Do you work in a “Corporate Death camp”?:: Prof Roger Steare on “Moral DNA”


One thing I have come to really appreciate about the “Corporate Philosopher’s” approach is his pursuit of the root cause of so many of the [Corporate] World’s ills. We can only really get reliable answers by establishing causality. That, albeit from a very different angle of attack, is what I attempt to do in business and what the technology developed by Dr Jacek Marczyk (Founder & CTO – “genius” according to this article) at Ontonix has facilitated with their model-free technology…but there is still a long way to go with spreading such understanding and insight!

But, if we are dealing with sources of systemic risk, that threaten the sustainability and resilience of ALL that we have come to rely upon, then this is a critical mission.

In the “risk society” we tend to get side-tracked, even bogged down, by the sheer volume of information that assaults our senses on a daily basis. Excessive complexity and the promotion of “flawed” correlations are allies of the leading exponents of the sick, prevailing, culture that the Prof. is intent upon “outing”. That is why TRANSPARENCY is such a threat to institutions or organisations that have cultivated and exploited an institutional mentality!!! Read more of this post

Facebook and GS tie-up may be unholy disaster (Part 2)


I was reassured to find out that I am not the only person who “harbours concerns” about the future for Facebook:

“…This meme has slowly propagated, and quite a few other analysts have looked at the same; See Douglas Rushkoff and the Reformed Broker, amongst others. Goldman Sachs does not agree with this assessment, as they just poured $500 million into FB at a $50 billion dollar valuation, with an option for another $1.5 billion right behind it.

If and when Facebook goes public, they must monetize their user base — I find it hard to see how they do that without annoying their base of users away. Mine is a decidedly non-consensus viewpoint.

The free web app has to figure out a way to have the site generate revenue and profits from its immense user base. Currently, they generate about $ 1 billion dollars in revenues at about a 25% margin”.

Read full article: 5 Questions for Facebook Investors

Facebook have been “valued” by banksters Goldman Sachs at an outrageous amount but, on a couple of levels, this may be just a step too far: Facebook has already lost some of its appeal. It has become less “personal”, more confusing and complex with the addition of more and more features.    Then there was the underhand way in which the privacy debacle was handled. Facebook are only where they are now because of … Read More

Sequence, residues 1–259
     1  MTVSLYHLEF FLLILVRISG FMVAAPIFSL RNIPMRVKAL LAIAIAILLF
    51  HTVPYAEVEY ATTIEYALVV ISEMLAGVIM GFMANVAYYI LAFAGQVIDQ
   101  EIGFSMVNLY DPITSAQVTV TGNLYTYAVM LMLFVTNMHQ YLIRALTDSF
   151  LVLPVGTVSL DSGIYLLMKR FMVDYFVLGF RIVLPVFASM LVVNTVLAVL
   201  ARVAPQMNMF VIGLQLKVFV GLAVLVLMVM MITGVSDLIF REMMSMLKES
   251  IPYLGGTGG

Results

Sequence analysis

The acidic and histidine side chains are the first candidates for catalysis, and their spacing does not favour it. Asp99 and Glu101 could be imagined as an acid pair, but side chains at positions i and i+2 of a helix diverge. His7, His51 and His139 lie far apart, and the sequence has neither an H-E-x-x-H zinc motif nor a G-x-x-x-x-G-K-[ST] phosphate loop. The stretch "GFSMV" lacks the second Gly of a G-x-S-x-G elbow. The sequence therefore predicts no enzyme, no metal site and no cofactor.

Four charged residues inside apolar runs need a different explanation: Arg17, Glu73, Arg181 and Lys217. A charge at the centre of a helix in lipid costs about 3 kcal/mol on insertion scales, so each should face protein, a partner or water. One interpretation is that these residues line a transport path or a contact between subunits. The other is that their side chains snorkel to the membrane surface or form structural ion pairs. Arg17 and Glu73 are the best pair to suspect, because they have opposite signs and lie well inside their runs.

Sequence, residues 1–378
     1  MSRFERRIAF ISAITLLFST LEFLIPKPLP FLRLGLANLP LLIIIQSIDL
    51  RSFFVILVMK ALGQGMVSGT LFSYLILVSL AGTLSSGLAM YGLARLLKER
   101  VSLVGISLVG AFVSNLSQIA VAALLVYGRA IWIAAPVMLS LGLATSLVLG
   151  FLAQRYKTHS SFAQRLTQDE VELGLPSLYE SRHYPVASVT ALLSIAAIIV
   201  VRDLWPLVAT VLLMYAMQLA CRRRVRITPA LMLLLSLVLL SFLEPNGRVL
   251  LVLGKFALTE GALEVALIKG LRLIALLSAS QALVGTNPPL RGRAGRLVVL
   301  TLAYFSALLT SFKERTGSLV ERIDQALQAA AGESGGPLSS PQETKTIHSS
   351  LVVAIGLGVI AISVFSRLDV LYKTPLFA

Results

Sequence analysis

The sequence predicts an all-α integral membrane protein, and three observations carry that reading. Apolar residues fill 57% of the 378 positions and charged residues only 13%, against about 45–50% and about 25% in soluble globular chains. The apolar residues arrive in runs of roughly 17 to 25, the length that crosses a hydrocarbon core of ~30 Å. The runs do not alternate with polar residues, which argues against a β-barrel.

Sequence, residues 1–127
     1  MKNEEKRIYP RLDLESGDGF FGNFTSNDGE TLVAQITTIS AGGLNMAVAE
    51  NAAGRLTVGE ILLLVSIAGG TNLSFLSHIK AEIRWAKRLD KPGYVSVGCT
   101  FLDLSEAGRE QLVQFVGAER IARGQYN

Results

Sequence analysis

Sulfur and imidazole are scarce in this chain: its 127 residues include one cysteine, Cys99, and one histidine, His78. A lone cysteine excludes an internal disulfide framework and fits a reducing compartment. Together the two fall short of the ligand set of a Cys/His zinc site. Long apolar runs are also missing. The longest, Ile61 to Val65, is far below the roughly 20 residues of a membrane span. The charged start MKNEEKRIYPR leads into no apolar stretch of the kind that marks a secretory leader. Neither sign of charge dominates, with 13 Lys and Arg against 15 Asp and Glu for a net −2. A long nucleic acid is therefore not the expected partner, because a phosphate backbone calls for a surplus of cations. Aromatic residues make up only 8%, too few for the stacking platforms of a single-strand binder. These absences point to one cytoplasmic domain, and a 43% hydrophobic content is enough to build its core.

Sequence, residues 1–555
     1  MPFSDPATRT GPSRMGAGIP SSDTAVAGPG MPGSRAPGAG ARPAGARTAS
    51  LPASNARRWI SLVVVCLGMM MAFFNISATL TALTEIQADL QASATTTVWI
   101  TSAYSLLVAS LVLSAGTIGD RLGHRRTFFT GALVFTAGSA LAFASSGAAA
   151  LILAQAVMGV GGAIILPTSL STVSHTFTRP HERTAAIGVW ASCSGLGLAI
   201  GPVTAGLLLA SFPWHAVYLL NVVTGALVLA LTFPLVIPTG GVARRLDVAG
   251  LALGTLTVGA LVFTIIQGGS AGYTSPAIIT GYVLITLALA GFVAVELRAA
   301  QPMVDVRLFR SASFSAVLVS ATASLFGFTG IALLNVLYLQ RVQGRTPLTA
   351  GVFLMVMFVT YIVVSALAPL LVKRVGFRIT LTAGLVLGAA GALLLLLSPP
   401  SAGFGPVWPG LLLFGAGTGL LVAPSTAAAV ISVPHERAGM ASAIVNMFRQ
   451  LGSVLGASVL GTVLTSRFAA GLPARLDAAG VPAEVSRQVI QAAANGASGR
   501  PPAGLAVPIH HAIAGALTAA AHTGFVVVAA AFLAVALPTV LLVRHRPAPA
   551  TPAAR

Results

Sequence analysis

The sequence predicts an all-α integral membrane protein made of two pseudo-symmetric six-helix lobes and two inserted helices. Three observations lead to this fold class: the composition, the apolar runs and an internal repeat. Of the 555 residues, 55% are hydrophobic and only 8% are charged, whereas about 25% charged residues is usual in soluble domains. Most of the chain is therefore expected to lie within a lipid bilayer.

via Get “fit for randomness” [with Ontonix UK]

Facebook and GS tie-up may be unholy disaster


Saint Wolfgang and the Devil, by Michael Pacher.

Image via Wikipedia

Facebook have been “valued” by banksters Goldman Sachs at an outrageous amount but, on a couple of levels, this may be just a step too far:

Facebook has already lost some of its appeal. It has become less “personal”, more confusing and complex with the addition of more and more features.   

Then there was the underhand way in which the privacy debacle was handled.

Facebook are only where they are now because of the phenomenal growth of its membership and it has been becoming more “monetized” (that’s commercial for us Brits).

Now it’s Facebook v Google.

How many people are  interested in taking sides, if it came to that? If presented with that choice I suspect that, given similar functionality, less commercial (or more personal) would be a major factor.

But, wait a minute, even with this huge investment from GS I have an inkling that success or failure will be determined by the memberships reaction to a deal, done with a firm, who were at the very centre of dodgy multi-billion dollar “off-book” deals, lies to Regulators, pressure on rating agencies, lying to and cheating clients, etc.      Of course GS weren’t  the only guilty firm responsible for saddling much of the current and future generations of potential Facebook members with debt that is not theirs and that they may never be free of.

Want some insight into why or how they have such a bad rep? Here’s what a former MD of GS had to say on their modus operandi:

…get the business, rake in the fees—and pawn off the overpriced goods on the clients (even the “shitty deals” so Goldman’s not holding the bag. That dirty formula cost Goldman a $550 million fine less than six months ago.

Yet the Facebook phenomenon shows us that nothing has changed. Goldman again moved aggressively to get the business—investing $75 million into Facebook early, at a low valuation,

Read more of this post